If you’re an oenophile (lover of wine) or a Francophile (lover of France) or both (Francoenophile? Ah, how about vin-ophile?), you have probably heard of these famous places. These are three of France’s top winegrowing regions:

  • Bordeaux (famed for blends of Cabernet Sauvignon, Merlot, etc.)
  • Rhone (famed for blends of Syrah, Grenache, Mourvédre, etc.)
  • Burgundy (famed for Pinot Noir and Chardonnay, etc.)

These regions have been growing these particular grapes for centuries, and each region is known for being the absolute best place to grow certain specific varieties. Basically, winemakers from these regions are allowed to make wine only from approved grapes grown in that place and never blend from other regions. French wine laws tend to be very strict in that regard, in order to protect the reputation of their unique wines.

But that’s France, this is America. We go about our winemaking in ways similar and vastly different from France, in part because we are not bound by as many rules and regulations.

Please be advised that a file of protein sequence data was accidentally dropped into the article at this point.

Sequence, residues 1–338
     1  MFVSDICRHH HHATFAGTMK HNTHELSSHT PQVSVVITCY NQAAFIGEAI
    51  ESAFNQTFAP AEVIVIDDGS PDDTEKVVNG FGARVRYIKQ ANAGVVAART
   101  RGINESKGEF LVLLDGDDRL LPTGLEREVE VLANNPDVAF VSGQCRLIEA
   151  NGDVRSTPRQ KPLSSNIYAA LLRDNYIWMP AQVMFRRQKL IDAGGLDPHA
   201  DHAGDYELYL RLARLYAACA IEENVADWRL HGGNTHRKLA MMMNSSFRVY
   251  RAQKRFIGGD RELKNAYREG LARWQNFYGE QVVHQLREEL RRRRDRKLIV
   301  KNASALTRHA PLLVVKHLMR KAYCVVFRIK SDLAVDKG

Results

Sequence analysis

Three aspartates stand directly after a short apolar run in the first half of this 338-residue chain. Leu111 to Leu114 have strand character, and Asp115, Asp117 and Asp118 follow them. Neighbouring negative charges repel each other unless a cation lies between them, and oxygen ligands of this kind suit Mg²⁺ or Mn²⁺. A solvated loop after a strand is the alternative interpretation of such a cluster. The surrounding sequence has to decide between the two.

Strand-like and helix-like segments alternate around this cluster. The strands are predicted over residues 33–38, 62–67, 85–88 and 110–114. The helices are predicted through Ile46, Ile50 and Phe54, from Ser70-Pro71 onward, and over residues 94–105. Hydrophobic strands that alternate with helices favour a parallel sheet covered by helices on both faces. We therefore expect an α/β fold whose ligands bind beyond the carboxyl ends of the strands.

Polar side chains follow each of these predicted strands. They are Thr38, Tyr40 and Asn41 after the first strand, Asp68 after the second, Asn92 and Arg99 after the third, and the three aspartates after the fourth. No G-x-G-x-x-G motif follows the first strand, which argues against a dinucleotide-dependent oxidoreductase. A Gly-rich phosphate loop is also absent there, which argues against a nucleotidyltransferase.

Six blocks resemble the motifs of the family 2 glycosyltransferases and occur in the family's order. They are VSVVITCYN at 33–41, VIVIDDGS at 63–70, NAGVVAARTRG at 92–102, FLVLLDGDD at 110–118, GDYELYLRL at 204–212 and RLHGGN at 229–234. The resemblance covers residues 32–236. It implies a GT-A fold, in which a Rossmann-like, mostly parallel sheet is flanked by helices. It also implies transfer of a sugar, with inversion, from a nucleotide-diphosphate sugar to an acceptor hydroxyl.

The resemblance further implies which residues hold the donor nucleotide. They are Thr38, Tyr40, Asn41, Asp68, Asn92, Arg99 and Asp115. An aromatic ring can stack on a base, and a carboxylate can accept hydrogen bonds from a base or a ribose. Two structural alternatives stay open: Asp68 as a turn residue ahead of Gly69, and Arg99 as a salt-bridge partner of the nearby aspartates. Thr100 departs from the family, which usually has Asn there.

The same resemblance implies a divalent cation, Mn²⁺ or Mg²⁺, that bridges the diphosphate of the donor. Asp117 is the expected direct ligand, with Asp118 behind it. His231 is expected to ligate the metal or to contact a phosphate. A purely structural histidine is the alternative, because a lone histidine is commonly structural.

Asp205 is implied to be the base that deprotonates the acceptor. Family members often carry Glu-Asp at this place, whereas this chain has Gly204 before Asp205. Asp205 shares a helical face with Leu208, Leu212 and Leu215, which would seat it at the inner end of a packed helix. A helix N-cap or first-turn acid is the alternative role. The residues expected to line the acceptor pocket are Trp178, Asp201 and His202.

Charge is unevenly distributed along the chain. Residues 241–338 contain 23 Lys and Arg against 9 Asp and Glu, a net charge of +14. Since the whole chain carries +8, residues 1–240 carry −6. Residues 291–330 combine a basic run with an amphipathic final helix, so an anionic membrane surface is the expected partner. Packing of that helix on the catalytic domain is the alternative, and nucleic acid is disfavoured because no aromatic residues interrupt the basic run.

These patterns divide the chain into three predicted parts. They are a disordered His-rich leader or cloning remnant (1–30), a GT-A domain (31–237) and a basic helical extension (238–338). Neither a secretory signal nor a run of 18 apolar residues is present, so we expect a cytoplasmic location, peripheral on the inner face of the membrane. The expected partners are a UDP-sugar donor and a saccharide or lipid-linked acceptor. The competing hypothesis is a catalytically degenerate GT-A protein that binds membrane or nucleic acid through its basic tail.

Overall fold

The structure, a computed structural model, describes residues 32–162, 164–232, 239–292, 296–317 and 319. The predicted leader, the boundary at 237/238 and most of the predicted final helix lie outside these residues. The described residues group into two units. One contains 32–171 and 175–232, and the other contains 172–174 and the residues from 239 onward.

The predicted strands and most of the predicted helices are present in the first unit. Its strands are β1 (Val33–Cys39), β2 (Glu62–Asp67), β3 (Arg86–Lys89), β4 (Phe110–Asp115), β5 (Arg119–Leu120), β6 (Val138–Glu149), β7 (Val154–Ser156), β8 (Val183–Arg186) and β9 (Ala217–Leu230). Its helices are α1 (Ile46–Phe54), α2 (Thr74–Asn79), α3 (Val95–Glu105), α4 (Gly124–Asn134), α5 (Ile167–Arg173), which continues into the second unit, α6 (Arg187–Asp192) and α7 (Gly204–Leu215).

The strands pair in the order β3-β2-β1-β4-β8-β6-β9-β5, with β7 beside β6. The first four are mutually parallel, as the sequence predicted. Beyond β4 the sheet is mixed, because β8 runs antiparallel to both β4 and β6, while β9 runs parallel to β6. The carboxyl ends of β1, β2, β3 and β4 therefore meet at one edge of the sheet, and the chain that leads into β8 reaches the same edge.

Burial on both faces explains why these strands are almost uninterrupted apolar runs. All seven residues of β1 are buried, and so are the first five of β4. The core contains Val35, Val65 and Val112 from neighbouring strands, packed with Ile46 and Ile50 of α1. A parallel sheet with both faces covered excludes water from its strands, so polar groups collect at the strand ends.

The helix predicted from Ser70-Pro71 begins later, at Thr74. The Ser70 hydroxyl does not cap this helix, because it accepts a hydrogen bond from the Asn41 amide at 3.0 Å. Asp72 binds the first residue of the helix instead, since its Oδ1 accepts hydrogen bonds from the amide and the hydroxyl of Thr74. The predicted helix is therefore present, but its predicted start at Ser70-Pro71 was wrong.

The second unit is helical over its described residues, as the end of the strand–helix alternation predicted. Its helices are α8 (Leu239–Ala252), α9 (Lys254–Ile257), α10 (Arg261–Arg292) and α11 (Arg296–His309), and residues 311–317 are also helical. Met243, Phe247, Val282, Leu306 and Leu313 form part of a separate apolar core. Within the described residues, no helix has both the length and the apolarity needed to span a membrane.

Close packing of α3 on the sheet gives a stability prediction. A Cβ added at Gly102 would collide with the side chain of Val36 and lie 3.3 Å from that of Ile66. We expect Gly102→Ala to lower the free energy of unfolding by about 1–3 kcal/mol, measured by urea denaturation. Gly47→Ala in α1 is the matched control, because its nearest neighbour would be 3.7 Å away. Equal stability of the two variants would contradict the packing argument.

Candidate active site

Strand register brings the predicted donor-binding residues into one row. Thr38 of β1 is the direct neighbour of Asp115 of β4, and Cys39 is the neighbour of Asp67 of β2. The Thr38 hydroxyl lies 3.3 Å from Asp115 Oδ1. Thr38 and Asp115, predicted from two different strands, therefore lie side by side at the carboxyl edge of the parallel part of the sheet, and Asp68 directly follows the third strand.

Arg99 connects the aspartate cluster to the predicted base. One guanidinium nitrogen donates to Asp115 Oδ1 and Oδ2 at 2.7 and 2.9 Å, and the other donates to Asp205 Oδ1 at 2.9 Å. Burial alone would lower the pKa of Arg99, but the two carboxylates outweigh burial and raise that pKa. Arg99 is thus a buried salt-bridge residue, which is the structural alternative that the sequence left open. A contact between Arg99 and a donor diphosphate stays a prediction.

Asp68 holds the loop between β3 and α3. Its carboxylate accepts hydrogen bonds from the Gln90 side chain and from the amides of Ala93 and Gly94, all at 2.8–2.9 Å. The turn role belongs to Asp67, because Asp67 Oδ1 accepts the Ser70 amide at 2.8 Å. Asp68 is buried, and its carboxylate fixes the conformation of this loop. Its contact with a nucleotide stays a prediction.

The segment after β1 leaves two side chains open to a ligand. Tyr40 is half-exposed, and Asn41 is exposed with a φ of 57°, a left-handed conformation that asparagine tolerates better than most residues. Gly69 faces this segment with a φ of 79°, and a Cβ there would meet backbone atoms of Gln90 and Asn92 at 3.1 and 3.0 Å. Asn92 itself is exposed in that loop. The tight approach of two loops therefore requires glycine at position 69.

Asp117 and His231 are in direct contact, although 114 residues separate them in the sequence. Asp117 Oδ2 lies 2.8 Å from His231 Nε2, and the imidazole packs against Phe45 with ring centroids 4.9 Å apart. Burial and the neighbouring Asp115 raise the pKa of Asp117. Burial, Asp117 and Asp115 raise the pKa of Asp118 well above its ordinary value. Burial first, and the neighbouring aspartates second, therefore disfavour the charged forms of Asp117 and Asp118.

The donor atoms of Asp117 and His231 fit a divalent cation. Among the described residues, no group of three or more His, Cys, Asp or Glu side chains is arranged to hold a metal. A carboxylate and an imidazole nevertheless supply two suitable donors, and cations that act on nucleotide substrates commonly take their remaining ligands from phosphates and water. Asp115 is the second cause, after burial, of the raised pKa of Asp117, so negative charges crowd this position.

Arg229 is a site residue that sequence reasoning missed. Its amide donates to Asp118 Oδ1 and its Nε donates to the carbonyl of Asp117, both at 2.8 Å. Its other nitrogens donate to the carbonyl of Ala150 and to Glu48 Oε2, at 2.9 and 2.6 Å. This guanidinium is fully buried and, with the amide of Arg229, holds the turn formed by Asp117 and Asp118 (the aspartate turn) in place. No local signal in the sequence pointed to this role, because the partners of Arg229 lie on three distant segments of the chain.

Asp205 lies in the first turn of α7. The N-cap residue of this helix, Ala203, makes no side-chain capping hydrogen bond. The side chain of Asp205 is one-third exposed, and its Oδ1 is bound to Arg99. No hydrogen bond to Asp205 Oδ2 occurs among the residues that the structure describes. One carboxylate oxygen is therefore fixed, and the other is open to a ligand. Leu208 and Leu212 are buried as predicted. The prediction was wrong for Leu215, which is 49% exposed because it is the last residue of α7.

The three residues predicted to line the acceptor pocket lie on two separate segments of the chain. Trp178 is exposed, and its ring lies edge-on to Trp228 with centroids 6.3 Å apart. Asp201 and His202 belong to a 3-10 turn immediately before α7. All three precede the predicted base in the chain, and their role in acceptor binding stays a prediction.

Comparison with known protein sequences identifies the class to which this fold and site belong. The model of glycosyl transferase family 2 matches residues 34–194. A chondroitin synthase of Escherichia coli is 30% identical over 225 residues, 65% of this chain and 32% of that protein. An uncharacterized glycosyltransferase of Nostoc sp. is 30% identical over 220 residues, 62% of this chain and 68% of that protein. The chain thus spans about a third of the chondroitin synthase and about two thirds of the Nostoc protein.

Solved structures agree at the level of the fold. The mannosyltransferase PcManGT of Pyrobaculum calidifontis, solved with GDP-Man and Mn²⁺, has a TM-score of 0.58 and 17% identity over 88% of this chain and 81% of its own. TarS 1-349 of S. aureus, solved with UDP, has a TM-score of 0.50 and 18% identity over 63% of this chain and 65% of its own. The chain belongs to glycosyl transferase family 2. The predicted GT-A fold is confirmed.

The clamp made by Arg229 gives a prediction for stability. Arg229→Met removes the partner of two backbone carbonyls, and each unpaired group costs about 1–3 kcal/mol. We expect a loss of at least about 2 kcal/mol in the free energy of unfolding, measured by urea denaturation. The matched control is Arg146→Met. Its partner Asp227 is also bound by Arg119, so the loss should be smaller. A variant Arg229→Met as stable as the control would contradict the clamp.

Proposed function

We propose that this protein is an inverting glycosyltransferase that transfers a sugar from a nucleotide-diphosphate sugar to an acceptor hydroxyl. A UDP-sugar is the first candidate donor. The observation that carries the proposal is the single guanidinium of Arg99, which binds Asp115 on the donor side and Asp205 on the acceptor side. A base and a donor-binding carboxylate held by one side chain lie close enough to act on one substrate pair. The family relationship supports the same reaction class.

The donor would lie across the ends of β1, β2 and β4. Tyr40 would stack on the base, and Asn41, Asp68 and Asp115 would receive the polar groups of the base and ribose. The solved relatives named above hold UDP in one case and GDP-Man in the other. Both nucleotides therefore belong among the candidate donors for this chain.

Leave it to winemaker Chuck Jackson to shrug at the traditional rulebook on red blends and throw three wonderful reds together in his signature Railroad Red Blend.

I asked Chuck what originally inspired him to create this blend, and this was what he told me:

“In the early planning days of the winery I wanted to offer a Bordeaux blend (likely Cab, Merlot and Cab Franc) and/or a Rhone style blend (likely Syrah, Grenache and Mourvedre) to our eventual line up of wines both of which I really love. After our first harvest from our vineyard it quickly became apparent that was a bit of a pipe dream. Making our own wines and adding Cabernet and Syrah from Eastern Washington was logistically a challenge enough. Adding the other varietals would have meant up to 4 more trips over the hill for grapes and stress our winery for space to make and store the wines for aging. So that dream died.